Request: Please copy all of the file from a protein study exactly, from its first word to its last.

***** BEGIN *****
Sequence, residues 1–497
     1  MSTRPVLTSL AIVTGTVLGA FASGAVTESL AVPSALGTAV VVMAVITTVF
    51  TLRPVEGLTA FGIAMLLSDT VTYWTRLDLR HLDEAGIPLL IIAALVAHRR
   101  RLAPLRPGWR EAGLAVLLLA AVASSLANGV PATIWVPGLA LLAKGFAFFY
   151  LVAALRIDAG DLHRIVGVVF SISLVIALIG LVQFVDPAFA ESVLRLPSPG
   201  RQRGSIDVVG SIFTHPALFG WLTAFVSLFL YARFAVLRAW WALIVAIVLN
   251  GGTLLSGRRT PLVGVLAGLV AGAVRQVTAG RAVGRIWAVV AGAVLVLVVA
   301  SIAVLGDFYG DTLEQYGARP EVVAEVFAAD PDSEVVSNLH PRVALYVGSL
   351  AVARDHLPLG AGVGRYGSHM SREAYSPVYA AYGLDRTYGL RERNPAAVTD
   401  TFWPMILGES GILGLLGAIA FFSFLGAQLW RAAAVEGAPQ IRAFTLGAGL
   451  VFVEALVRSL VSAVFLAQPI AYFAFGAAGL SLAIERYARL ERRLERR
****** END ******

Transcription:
Sequence, residues 1–497
     1  MSTRPVLTSL AIVTGTVLGA FASGAVTESL AVPSALGTAV VVMAVITTVF
    51  TLRPVEGLTA FGIAMLLSDT VTYWTRLDLR HLDEAGIPLL IIAALVAHRR
   101  RLAPLRPGWR EAGLAVLLLA AVASSLANGV PATIWVPGLA LLAKGFAFFY
   151  LVAALRIDAG DLHRIVGVVF SISLVIALIG LVQFVDPAFA ESVLRLPSPG
   201  RQRGSIDVVG SIFTHPALFG WLTAFVSLFL YARFAVLRAW WALIVAIVLN
   251  GGTLLSGRRT PLVGVLAGLV AGAVRQVTAG RAVGRIWAVV AGAVLVLVVA
   301  SIAVLGDFYG DTLEQYGARP EVVAEVFAAD PDSEVVSNLH PRVALYVGSL
   351  AVARDHLPLG AGVGRYGSHM SREAYSPVYA AYGLDRTYGL RERNPAAVTD
   401  TFWPMILGES GILGLLGAIA FFSFLGAQLW RAAAVEGAPQ IRAFTLGAGL
   451  VFVEALVRSL VSAVFLAQPI AYFAFGAAGL SLAIERYARL ERRLERR